Classrooms have changed a lot since most of us were at school. But have you ever wondered how and why classrooms have moved away from industrial carpet and pinboards to glass walls and couches?
It’s not just aesthetics, explains Galilee Catholic Primary School Bondi Principal Anna Novak, whose own school has recently undergone a modern makeover to reflect the latest educational design practice.
1. Fully furnished
At Galilee Catholic Primary School, every classroom contains an array of different furniture, to ensure the right items are always available for different types of activities.
Forget a standard desk – booths, ottomans, stools, chairs and high and low tables ensure students are comfortable while they work.
“The classroom configuration is guided by the different types of furniture,” Ms Novak said “with a range of a high and low tables and chairs.”
“Adjustable furniture leads to increased comfort and wellbeing, and enhances the flexibility of the learning space.”
2. Let’s get flexible
Modern classrooms are transitioning away from static, one-child-behind-each-desk-for-the- entire-day scenarios, to embrace more interactive layouts. This allows teachers to re-organise their rooms dependant on whether tasks require students to work alone, in groups or all-together.
This flexible learning allows teachers to group children in different areas of the room and work with them in groups based on interests or ability, or to re-arrange things easily to accommodate physical activities.
3. A clear line of sight
The change in the way modern classrooms are designed has had a great impact on children’s wellbeing in the way they interact with their teachers.
Open plan layouts allow teachers to be accessible to students at all times, and to move easily around the room while always keeping every child in their line of sight.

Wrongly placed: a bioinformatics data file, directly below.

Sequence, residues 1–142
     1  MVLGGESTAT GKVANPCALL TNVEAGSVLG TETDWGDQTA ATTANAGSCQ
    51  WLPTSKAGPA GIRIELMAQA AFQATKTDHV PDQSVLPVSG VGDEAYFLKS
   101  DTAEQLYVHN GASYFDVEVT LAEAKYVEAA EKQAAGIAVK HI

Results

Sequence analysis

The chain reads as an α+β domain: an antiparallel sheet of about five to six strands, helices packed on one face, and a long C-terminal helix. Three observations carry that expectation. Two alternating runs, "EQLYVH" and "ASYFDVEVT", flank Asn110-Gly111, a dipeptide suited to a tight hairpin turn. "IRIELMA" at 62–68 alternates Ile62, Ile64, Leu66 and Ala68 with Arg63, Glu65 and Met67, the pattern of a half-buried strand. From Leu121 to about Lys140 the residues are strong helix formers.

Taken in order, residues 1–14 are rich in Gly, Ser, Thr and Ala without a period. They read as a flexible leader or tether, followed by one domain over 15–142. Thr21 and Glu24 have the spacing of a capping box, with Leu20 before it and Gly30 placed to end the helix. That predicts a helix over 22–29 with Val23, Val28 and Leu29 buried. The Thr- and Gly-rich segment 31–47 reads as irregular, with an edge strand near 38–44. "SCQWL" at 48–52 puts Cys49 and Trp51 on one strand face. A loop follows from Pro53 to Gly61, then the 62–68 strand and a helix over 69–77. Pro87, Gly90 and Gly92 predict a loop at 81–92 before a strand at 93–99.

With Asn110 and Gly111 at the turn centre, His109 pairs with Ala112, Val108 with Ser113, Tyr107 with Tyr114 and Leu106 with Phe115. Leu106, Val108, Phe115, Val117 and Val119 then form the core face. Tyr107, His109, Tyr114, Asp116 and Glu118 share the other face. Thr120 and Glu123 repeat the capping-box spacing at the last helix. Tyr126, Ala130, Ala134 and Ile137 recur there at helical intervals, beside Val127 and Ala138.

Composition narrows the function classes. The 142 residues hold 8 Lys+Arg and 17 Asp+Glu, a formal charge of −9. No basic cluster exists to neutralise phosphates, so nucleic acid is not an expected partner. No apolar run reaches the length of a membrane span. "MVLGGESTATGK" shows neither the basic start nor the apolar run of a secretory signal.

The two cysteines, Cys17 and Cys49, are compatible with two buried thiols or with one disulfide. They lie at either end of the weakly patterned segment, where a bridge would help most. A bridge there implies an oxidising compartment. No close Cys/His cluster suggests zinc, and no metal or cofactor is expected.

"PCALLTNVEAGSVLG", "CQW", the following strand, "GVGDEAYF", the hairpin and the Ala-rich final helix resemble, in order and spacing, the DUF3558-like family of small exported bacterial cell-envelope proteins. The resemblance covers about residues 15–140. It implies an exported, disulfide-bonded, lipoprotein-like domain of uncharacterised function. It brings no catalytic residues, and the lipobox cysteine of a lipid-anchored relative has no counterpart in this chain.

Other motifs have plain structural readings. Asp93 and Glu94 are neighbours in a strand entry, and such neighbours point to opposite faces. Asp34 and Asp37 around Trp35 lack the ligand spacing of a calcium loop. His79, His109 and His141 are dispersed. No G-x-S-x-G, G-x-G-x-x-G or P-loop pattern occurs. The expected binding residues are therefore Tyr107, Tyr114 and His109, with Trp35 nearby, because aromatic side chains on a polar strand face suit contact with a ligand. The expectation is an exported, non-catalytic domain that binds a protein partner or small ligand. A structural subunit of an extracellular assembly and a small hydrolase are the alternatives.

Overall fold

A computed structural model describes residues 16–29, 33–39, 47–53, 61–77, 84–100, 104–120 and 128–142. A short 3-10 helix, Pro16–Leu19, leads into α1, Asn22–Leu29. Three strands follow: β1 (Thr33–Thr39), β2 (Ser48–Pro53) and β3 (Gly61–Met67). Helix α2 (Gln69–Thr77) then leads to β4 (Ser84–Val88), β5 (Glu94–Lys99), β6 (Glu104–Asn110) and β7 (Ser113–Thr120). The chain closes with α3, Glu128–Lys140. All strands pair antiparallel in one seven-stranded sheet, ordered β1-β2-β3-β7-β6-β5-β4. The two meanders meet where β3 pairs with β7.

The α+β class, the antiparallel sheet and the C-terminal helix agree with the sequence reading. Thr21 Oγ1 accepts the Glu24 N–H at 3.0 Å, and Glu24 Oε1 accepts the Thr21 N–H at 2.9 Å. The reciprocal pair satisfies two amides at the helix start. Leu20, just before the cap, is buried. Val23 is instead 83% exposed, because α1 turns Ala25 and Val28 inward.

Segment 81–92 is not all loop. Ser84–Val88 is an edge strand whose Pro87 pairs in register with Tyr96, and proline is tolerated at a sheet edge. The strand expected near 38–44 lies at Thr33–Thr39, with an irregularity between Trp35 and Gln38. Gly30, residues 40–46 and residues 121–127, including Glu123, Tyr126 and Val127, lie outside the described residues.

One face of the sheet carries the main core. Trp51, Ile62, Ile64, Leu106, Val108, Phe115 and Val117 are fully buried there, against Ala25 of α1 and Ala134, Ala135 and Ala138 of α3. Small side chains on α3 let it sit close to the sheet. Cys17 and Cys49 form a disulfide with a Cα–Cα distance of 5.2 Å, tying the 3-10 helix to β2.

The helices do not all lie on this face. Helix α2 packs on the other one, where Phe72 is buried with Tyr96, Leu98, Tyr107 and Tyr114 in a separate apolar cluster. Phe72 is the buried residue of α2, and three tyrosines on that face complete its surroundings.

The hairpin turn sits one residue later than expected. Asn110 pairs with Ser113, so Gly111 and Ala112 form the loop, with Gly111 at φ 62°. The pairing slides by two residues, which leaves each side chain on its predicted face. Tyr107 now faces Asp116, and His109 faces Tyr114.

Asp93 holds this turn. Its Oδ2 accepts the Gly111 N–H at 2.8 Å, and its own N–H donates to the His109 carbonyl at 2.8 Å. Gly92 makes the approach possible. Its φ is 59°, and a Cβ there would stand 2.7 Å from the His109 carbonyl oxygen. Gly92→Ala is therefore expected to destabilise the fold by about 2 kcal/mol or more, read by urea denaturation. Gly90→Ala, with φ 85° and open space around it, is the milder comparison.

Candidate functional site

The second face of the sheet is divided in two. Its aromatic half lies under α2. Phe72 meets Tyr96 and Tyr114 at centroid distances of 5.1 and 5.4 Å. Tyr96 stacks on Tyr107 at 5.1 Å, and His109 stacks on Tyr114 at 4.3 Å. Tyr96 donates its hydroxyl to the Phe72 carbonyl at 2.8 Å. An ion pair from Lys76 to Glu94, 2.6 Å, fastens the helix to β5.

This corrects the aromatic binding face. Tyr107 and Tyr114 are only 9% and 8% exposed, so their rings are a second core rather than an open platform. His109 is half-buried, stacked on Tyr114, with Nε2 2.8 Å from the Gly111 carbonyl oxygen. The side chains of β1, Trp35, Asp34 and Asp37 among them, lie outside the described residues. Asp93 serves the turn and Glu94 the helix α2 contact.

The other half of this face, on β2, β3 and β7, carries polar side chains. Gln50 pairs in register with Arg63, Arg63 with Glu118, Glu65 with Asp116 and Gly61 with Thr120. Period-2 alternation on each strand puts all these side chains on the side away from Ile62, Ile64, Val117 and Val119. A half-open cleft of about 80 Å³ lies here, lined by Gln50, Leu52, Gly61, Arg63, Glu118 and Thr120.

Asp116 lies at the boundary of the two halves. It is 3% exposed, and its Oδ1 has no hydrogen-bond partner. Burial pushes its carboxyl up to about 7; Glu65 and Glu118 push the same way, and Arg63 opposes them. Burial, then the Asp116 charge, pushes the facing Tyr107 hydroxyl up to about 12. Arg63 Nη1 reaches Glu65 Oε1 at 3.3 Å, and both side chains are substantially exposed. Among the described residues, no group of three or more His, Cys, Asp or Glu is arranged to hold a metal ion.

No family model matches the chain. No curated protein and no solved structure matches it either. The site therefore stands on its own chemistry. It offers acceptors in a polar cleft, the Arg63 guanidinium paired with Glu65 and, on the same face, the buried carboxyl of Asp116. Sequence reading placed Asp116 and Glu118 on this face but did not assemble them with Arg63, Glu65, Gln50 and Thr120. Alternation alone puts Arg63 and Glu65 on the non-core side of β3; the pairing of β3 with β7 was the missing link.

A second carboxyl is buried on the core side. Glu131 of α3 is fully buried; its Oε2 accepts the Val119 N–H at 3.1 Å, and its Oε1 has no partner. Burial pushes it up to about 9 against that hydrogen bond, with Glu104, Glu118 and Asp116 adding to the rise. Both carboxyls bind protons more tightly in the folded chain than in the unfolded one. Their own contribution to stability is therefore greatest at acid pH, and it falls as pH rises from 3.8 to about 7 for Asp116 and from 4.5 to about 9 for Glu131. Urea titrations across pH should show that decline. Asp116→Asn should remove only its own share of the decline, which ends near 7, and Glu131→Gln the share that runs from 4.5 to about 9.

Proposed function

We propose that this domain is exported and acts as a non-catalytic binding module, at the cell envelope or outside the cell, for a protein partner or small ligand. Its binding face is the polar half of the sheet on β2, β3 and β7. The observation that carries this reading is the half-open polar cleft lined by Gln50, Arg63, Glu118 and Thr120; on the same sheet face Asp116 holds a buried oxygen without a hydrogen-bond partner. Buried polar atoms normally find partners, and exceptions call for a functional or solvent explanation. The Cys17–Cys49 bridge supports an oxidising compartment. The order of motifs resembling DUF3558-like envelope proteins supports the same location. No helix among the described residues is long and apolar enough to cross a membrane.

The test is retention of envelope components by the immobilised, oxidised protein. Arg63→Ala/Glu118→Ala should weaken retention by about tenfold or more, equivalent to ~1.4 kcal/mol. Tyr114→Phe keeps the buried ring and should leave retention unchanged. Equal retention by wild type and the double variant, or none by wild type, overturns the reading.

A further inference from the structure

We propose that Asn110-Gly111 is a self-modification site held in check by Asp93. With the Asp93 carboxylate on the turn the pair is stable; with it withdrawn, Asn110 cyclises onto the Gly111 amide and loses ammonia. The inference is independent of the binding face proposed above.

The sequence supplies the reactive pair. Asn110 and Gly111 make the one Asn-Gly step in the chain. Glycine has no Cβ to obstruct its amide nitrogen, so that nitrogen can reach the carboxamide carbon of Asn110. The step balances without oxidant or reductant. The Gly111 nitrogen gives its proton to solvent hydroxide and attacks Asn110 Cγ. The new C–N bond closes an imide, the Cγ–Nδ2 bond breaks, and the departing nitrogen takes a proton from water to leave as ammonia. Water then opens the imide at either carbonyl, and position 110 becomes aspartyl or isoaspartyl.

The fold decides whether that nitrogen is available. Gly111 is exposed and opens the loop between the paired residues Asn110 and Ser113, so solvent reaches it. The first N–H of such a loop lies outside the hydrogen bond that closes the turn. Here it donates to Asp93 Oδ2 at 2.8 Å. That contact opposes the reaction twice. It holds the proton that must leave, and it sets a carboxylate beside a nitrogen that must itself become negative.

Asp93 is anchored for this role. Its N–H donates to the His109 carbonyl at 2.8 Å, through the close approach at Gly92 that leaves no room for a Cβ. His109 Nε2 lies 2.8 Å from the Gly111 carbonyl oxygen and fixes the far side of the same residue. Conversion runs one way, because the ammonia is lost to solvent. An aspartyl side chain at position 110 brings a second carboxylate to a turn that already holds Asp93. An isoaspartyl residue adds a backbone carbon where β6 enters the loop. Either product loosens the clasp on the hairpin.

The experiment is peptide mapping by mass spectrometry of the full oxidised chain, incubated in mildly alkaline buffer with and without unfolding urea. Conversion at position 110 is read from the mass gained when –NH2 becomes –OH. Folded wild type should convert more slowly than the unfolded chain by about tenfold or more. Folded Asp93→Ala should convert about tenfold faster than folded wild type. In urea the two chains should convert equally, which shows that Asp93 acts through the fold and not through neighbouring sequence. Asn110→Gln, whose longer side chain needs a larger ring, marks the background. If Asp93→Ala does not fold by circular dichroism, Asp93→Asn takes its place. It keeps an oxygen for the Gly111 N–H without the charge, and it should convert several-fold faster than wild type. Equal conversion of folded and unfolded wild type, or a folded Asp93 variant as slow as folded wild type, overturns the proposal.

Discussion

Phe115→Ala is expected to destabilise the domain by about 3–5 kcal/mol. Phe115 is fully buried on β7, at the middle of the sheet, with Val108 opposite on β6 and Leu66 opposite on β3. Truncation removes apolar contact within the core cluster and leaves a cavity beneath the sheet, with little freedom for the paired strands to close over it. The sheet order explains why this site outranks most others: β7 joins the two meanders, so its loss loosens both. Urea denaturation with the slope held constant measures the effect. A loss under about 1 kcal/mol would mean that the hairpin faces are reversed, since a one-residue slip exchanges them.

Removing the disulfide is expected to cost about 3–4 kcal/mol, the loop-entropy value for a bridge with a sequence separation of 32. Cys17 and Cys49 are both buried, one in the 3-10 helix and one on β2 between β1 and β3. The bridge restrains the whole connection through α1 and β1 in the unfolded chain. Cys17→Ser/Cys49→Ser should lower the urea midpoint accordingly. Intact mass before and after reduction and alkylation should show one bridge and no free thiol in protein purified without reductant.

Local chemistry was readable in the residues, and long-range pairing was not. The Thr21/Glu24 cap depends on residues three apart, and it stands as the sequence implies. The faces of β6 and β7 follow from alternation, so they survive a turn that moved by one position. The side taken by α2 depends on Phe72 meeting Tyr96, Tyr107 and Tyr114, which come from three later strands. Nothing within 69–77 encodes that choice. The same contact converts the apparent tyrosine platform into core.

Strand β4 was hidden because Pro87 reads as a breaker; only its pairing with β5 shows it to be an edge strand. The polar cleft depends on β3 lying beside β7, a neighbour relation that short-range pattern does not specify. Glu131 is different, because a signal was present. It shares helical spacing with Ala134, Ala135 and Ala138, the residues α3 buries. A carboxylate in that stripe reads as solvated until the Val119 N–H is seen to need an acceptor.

“This results in improved behavior, learning, and growth in achievement,” Ms Novak said, “and mutual respect between the teacher and students.
4. Walls can talk
Classroom walls are blank canvases for showcasing students work. They teach and inspire students through rich language and anchor charts, interactive bulletin
boards and bump it up walls.
Having beautiful creative spaces that inspire students daily and reinforce learning outcomes allows students to be happier and more receptive to learning.
5. Take-home tips
Establishing positive homework habits is critical for success at school – and Ms Novak said some of the strategies teachers employ can be used at home to make homework less of a battle.
By creating the right environment, you encourage children to enjoy their space and build positive associations with their learning. Remove or minimise stressors or distractions, ensure they have all the necessary materials, and choose a spot you can supervise.
Let your child help you set up their space, and check in with them regularly to see if they still think it suits them. As at school, be flexible – they don’t need to sit down if they don’t want to!
“Some children work better if they are able to stand or move around/walk while doing activities such as reading, memorizing, or being quizzed,” Ms Novak said. “Try it out with your child to see what works.”
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Students at Galilee Catholic Primary School are making thinking visible with their new whiteboard tables. Students can collaborate by drawing ideas, planning,
writing, brainstorming and mind-mapping and then getting to work.